Winter/Spring 2008

Politically Incorrect Tales of the EU Bureaucracy

Reviewed by Michael D. Mosettig

Life of a European Mandarin

By Derk-Jan Eppink. Ianoo. 386 pages.

Two decades ago television viewers in Britain and the United States were alternately amused and appalled as they laughed through episodes of “Yes, Minister,” a British situation comedy about the way government bureaucracies really work at the top among insiders. In the series, a clever, glib high-ranking civil servant named Sir Humphrey would run circles around his Cabinet minister, aware that his power came from institutional memory and career longevity while the minister, an elected Member of Parliament, would soon be off on other pursuits.


Writer Ryszard Kapuscinski: An Optimist in the Heart of Darkness

Tomasz ZalewskiThe word “charisma” is much over-used these days, but in the case of Ryszard Kapuscinski it fits perfectly. By the time of his death last year at 74, the Polish reporter and non-fiction writer Kapuscinski had developed a worldwide following for his work, gaining an international stature unrivaled by any other journalist from central Europe. As a person, he also radiated warmth and love for people – not only those he studied and wrote about but also individuals he met and mentored in the course of his distinguished career.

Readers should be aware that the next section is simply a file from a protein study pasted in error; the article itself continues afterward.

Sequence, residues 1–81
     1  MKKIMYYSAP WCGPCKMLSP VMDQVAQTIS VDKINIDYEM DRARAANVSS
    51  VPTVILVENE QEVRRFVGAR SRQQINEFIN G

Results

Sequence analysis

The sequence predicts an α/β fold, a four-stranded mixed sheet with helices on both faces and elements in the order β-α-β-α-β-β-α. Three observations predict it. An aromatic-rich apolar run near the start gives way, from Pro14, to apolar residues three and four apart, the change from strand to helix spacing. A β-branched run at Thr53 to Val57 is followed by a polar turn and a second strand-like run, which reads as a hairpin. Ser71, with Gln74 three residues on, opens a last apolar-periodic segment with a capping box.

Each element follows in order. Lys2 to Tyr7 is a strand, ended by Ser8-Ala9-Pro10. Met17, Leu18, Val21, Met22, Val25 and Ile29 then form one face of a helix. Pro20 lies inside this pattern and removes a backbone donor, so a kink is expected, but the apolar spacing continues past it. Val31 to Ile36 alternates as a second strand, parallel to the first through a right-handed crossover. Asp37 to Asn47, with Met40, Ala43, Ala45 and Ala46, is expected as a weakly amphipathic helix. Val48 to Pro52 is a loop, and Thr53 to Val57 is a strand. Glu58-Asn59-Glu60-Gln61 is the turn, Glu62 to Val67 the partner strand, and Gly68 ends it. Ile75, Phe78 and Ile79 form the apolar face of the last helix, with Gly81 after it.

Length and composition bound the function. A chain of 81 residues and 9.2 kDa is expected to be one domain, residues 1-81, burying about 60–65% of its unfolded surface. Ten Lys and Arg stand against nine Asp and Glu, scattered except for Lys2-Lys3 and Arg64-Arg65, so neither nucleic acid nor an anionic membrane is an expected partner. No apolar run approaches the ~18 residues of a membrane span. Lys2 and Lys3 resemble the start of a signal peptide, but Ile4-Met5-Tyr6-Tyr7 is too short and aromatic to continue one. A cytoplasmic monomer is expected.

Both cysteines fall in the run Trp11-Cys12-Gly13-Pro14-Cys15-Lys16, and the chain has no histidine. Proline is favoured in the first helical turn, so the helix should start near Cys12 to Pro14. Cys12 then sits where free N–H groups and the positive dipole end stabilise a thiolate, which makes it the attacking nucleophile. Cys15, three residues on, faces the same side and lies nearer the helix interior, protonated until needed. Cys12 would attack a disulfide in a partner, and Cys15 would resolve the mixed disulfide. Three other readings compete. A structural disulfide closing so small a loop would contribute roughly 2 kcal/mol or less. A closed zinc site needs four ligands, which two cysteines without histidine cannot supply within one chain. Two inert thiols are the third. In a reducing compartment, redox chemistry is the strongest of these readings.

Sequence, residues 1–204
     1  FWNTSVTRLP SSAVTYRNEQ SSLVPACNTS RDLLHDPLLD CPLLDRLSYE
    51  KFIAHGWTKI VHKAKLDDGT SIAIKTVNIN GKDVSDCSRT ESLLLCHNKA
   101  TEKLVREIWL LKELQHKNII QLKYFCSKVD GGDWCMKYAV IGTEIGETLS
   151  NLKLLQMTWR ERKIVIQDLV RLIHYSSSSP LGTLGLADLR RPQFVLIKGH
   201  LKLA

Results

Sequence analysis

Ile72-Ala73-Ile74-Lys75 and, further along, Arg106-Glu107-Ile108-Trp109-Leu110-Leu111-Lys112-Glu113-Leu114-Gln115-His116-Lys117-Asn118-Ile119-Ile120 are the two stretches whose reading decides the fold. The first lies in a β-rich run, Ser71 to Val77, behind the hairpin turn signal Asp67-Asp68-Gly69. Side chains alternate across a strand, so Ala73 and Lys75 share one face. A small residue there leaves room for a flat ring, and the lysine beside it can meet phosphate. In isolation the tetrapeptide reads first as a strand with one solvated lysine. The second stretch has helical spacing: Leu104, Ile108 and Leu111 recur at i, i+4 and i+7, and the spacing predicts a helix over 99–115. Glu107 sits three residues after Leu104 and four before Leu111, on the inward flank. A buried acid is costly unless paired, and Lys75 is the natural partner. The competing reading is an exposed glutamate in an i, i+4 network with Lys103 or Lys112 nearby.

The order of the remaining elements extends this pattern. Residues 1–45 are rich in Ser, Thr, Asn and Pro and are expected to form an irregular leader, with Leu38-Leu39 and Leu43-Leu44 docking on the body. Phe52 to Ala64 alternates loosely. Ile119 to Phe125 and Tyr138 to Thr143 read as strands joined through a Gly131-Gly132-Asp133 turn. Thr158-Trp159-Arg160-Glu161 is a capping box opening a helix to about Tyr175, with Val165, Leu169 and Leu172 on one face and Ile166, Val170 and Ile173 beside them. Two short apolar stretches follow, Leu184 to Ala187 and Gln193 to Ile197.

Global highlights and local sidelights culled from the media (January-March 2008)

ROME: Italy’s Malaise: Not So Dolce Vita

Taken aback by critical depictions of their country’s “collective funk,” Italians are currently engaged in considerable hand-wringing over the condition of their national psyche. It started with a broadside from across the Atlantic by Ian Fisher in the New York Times on December 13, 2007. “Italy seems not to love itself,” wrote Fisher. Analyzing the country’s malaise, he detailed a litany of woes: an anemic economy, a low birth rate, corrupt politicians, mobsters.